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Cementing a Liner into a Stable Cementless Acetabular Shell: The Double-Socket Technique
Paul E. Beaulé, MD, FRCSC1; Edward Ebramzadeh, PhD1; Michel LeDuff, MA1; Rajiv Prasad, MD1; Harlan C. Amstutz, MD1
1 Joint Replacement Institute, Orthopaedic Hospital/University of California at Los Angeles, 2400 South Flower Street, Los Angeles, CA 90007. E-mail address for P.E. Beaulé: pbeaule@laoh.ucla.edu
View Disclosures and Other Information
In support of their research or preparation of this manuscript, one or more of the authors received grants or outside funding from the Los Angeles Orthopaedic Hospital Foundation. None of the authors received payments or other benefits or a commitment or agreement to provide such benefits from a commercial entity. No commercial entity paid or directed, or agreed to pay or direct, any benefits to any research fund, foundation, educational institution, or other charitable or nonprofit organization with which the authors are affiliated or associated.
Investigation performed at Joint Replacement Institute at Orthopaedic Hospital, Los Angeles, California

The Journal of Bone and Joint Surgery, Incorporated
J Bone Joint Surg Am, 2004 May 01;86(5):929-934
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Background: During revision hip replacement surgery, the cementless acetabular shell is often well fixed but the locking mechanism may be ineffective. Cementing a new liner into the existing acetabular shell (the double-socket technique) can provide a simple solution. The purposes of the present study were to review our initial clinical results and to define the potential limitations of this technique.

Methods: Thirty-two hips with a preexisting well-fixed acetabular socket that had been in situ for an average of 8.6 years were treated with the insertion of a new polyethylene liner (seventeen hips) or a metal liner (fifteen hips) with use of cement. The indication for this technique was a deficient locking mechanism in twenty-two hips and the unavailability of a matching liner in ten hips. Anteroposterior radiographs of all hips were analyzed by a single independent reviewer.

Results: The mean duration of follow-up was 5.1 years. Six hips required a reoperation after a mean of 29.7 months; the reasons for the reoperations included aseptic failure of the acetabular construct (four hips), instability (one hip), and sepsis (one hip). The University of California at Los Angeles hip scores improved significantly (p < 0.001) compared with the preoperative values; specifically, the mean score improved from 6.2 to 9.1 for pain, from 6.3 to 8.3 for walking, from 6.2 to 7.8 for function, and from 4.7 to 5.8 for activity. The prevalence of dislocation was 22%. Kaplan-Meier analysis with revision as the end point revealed a five-year survival rate of 78% (95% confidence interval, 55% to 91%).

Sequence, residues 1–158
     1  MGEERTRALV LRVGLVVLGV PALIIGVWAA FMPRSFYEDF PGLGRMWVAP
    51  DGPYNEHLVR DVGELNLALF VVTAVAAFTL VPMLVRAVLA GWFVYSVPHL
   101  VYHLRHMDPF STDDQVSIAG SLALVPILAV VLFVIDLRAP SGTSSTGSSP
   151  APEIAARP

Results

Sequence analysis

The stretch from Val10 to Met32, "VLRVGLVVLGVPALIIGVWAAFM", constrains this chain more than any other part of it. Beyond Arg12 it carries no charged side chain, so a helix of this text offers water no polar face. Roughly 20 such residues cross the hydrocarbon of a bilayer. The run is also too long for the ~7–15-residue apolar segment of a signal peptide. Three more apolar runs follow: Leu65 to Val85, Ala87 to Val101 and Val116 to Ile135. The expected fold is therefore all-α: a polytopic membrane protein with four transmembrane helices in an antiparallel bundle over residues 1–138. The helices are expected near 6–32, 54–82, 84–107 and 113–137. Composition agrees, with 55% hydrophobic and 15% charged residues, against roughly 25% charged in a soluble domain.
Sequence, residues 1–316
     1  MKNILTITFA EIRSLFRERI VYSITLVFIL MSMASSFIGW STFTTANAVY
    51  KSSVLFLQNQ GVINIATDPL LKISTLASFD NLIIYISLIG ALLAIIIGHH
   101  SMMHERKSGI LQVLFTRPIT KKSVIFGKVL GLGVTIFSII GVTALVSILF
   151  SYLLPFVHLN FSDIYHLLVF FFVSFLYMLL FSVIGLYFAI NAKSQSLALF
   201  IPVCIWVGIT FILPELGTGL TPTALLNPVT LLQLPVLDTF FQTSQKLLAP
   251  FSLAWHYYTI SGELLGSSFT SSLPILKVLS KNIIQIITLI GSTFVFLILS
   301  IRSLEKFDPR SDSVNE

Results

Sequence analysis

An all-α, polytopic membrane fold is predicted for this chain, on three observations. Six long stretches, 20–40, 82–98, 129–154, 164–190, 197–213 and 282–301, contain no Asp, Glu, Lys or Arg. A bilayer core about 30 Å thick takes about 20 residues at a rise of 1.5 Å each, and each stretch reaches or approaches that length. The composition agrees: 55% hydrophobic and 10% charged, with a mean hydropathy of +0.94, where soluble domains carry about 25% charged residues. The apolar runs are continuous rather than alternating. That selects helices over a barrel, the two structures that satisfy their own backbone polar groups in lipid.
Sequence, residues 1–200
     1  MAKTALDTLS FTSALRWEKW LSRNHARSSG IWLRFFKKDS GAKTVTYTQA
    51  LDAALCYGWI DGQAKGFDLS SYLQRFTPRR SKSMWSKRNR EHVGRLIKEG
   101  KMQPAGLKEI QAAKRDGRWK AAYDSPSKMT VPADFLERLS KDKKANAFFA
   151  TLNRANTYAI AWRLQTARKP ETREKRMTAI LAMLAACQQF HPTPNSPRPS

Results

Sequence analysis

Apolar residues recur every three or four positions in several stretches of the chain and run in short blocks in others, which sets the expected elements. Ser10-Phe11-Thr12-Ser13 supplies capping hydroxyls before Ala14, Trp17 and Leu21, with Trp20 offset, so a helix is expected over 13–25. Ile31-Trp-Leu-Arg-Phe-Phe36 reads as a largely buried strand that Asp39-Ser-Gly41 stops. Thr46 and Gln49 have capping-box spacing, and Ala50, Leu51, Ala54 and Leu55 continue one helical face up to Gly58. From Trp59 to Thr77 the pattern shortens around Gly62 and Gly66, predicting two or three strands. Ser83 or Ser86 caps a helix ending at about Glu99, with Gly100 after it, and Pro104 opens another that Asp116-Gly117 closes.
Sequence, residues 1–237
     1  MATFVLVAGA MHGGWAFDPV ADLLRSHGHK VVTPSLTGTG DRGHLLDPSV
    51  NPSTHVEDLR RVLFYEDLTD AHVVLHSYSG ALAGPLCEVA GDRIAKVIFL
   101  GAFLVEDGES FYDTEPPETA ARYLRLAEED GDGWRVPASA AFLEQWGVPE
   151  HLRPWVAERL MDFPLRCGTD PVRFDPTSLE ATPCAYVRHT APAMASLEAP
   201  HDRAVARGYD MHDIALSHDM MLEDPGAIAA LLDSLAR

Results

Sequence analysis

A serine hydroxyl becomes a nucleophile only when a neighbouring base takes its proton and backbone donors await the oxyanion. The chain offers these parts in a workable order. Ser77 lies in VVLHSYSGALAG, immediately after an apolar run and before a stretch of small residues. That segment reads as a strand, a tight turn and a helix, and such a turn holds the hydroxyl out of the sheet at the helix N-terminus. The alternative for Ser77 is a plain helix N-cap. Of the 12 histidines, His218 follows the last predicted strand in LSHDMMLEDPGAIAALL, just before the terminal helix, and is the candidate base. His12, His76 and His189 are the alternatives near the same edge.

Conclusions: The double-socket technique is a good alternative to acetabular socket removal for suitable candidates who have a well-fixed cementless socket with an inner diameter that is larger than the outer diameter of the cemented liner. This technique preserves acetabular bone stock and permits conversion to alternate bearing surfaces. We believe, however, that removal of a well-fixed acetabular shell or the use of a constrained liner should be strongly considered for patients with a history of hip instability.

Level of Evidence: Therapeutic study, Level IV (case series [no, or historical, control group]). See Instructions to Authors for a complete description of levels of evidence.

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    These activities have been planned and implemented in accordance with the Essential Areas and policies of the Accreditation Council for Continuing Medical Education (ACCME) through the joint sponsorship of the American Academy of Orthopaedic Surgeons and The Journal of Bone and Joint Surgery, Inc. The American Academy of Orthopaedic Surgeons is accredited by the ACCME to provide continuing medical education for physicians.
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